Ingredients
  1. 5 cups quick cooking oats
  2. 1/2 cup powdered milk
  3. 2/3 cup light brown sugar
Instructions
  1. Mix all ingredients together in a large bowl and either pour into a large container to store or package into snack size bags in 1/2 cup servings.
  2. Mix 1/2 cup oatmeal mixture with hot water.
  3. Enjoy as is or stir in any mix-INS of your choice.
Oatmeal Mix-INS suggestions
  1. Dried fruit
  2. Fresh fruit
  3. Powdered or regular peanut butter
  4. Honey
  5. Chopped nuts
  6. dried apple and cinnamon
  7. Raisins
  8. Chocolate chips
  9. Bananas
  10. Jam or jelly
beta
calories
174
fat
2g
protein
6g
carbs
34g
more
The Fort Worth Homemaker http://thefortworthhomemaker.com/

Sheppard’s Pie

massachusetts-01

Growing up, I was finally introduced to this New England menu staple quite some time after my family had moved from New York to Massachusetts, however, it did not take long for it to become one of my mom’s most popular dishes. I am happy to say that, this classic dish remains popular with my own crew as they ask for it often.

Ingredients:

1 ½ pounds of potatoes, boiled and drained

¾ cup of milk

¼ cup margarine

1 teaspoon of salt

½ teaspoon of pepper

½ tablespoon garlic powder

1 pound ground turkey or beef

½ cup onion, diced

1-14 ounce can of creamed corn

1-12 ounce bag of frozen corn

Directions:

sheppards-pie-02

1. In a large, non-stick skillet, add diced onion and saute on medium to high heat until translucent, about 3 minutes.

2. Add turkey or beef  to onions and cook until browned. Use a fork to mash occasionally, to help the meat crumble and incorporate the onions.

3. Turn off heat and set aside.

sheppards-pie-03

4. In a large bowl, add potatoes, and then break up potatoes with a potato masher until well smashed.

5. Add margarine, milk, salt, pepper and garlic powder to potatoes and stir until well combined and the margarine has melted.

sheppards-pie-04

6. Spray a 9 x 13 baking dish with non cooking spray and add meat mixture to baking dish.

sheppards-pie-06

7. Gently spread creamed corn on top of the meat mixture, then layer the frozen corn on top of the creamed corn.

8. Spread mashed potato mixture on top of all and spread to coat entire baking dish.

sheppards-pie-07

9. Bake, covered with foil in a 350 degree oven for 40 minutes.

10. Uncover and cook additional 20 minutes, or until edges are lightly browned.

11. Serve hot.

Once it came out of the oven, my crew had attacked it so unfortunately, there are no pictures finished product.
Enjoy the printable recipe card below.




Sheppard's Pie
Serves 8
A classic New England staple that you and your family will love.
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Print
311 calories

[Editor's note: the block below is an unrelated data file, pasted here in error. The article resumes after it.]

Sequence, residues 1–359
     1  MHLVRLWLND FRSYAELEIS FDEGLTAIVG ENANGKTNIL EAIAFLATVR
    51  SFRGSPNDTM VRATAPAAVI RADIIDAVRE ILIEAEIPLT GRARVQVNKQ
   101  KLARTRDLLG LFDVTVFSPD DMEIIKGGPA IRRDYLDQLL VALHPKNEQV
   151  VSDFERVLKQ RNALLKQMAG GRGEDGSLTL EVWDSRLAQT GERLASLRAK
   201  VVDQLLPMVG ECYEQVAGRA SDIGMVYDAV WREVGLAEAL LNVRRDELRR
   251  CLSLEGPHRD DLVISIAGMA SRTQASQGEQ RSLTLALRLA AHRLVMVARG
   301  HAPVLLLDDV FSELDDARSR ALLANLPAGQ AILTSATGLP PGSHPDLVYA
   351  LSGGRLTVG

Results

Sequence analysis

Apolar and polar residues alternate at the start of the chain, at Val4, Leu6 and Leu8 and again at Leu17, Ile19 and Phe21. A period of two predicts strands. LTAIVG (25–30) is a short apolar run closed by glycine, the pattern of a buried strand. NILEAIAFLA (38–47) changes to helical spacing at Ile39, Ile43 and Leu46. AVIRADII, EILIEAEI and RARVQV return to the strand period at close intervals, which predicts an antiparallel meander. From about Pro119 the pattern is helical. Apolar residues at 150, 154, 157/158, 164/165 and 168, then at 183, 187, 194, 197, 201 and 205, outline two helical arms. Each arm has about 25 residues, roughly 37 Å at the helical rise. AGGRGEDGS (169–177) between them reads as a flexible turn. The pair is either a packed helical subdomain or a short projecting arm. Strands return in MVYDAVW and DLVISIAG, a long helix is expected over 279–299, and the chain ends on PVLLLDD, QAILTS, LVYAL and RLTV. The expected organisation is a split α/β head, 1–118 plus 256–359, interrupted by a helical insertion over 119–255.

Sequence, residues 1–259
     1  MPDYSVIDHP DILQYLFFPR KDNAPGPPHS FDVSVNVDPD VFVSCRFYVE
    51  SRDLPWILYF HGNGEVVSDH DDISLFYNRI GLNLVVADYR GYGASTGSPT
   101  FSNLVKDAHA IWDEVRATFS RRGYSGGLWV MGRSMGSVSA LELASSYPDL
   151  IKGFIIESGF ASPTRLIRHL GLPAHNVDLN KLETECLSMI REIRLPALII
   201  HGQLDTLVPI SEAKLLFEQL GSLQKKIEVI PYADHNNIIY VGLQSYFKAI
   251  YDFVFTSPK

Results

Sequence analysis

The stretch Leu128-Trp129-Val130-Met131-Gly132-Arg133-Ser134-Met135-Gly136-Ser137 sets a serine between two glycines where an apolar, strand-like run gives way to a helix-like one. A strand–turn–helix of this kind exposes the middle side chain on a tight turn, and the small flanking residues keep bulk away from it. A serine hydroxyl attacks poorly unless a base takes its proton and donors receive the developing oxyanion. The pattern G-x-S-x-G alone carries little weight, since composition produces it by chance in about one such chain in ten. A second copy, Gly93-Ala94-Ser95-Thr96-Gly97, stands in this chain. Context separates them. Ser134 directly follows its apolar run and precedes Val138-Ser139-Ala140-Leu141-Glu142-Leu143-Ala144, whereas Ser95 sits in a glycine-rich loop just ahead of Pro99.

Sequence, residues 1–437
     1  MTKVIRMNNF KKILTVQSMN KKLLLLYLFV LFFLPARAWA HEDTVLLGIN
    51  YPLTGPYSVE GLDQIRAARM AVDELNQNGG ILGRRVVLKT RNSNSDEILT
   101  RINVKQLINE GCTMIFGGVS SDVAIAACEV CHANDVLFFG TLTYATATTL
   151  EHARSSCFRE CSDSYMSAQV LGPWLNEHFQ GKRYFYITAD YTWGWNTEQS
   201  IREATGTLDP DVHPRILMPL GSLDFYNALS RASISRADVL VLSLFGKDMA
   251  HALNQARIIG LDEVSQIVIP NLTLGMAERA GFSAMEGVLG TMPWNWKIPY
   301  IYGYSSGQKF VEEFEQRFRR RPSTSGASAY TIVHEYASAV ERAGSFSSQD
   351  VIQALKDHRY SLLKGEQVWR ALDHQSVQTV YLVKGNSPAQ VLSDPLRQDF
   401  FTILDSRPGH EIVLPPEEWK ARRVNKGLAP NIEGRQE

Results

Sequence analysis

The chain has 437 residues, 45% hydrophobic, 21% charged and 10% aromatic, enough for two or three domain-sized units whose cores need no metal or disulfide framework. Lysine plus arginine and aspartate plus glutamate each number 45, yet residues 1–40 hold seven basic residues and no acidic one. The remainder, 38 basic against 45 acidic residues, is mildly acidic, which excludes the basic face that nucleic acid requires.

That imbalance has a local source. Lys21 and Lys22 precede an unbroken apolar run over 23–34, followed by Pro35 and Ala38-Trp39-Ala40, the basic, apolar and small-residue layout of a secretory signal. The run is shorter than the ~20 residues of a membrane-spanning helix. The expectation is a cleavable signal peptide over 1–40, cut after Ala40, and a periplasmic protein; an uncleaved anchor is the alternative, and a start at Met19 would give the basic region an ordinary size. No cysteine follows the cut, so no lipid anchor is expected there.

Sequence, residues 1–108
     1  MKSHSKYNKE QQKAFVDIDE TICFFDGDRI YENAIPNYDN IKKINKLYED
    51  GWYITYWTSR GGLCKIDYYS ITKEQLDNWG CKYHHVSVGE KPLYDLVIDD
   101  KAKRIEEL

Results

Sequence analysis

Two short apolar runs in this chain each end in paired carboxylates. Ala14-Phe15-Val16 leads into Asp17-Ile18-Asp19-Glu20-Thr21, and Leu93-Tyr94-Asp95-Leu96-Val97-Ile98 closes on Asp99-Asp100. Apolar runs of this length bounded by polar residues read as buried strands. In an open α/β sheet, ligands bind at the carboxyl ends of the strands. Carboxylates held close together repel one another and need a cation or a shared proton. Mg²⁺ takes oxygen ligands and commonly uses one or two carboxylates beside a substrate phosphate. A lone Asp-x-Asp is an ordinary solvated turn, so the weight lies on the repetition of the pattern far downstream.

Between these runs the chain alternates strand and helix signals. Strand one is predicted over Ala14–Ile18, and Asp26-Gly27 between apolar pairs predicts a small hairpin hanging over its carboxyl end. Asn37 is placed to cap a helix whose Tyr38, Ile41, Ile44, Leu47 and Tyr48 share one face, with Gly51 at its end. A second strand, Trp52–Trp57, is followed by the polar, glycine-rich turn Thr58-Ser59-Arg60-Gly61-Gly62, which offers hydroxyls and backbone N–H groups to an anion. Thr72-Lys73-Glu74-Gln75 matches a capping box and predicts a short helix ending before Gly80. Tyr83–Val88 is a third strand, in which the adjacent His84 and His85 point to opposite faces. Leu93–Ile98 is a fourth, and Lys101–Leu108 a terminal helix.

26 g
61 g
16 g
19 g
4 g
223 g
407 g
4 g
0 g
10 g
Nutrition Facts
Serving Size
223g
Servings
8
Amount Per Serving
Calories 311
Calories from Fat 141
% Daily Value *
Total Fat 16g
24%
Saturated Fat 4g
19%
Trans Fat 0g
Polyunsaturated Fat 4g
Monounsaturated Fat 6g
Cholesterol 61mg
20%
Sodium 407mg
17%
Total Carbohydrates 26g
9%
Dietary Fiber 2g
9%
Sugars 4g
Protein 19g
Vitamin A
8%
Vitamin C
13%
Calcium
7%
Iron
12%
* Percent Daily Values are based on a 2,000 calorie diet. Your Daily Values may be higher or lower depending on your calorie needs.
Ingredients
  1. 1 ½ pounds of potatoes, boiled and drained
  2. ¾ cup of milk
  3. ¼ cup margarine
  4. 1 teaspoon of salt
  5. ½ teaspoon of pepper
  6. ½ tablespoon garlic powder
  7. 1 pound ground turkey or beef
  8. ½ cup onion, diced
  9. 1-14 ounce can of creamed corn
  10. 1-12 ounce bag of frozen corn
Instructions
  1. In a large, non-stick skillet, add diced onion and sauté on medium to high heat until translucent, about 3 minutes.
  2. Add turkey or beef to onions and cook until browned. Use a fork to mash occasionally, to help the meat crumble and incorporate the onions.
  3. Turn off heat and set aside.
  4. In a large bowl, add potatoes, and then break up potatoes with a potato masher until well smashed.
  5. Add margarine, milk, salt, pepper and garlic powder to potatoes and stir until well combined and the margarine has melted.
  6. Spray a 9 x 13 baking dish with non cooking spray and add meat mixture to baking dish.
  7. Gently spread creamed corn on top of the meat mixture, then layer the frozen corn on top of the creamed corn.
  8. Spread mashed potato mixture on top of all and spread to coat entire baking dish.
  9. Bake, covered with foil in a 350 degree oven for 40 minutes.
  10. Uncover and cook additional 20 minutes, or until edges are lightly browned.
  11. Serve hot.
Notes
  1. I used ground turkey for my recipe but you can certainly use ground beef as well, however, you may need to drain the beef, before adding it to your baking pan.
beta
calories
311
fat
16g
protein
19g
carbs
26g
more
The Fort Worth Homemaker http://thefortworthhomemaker.com/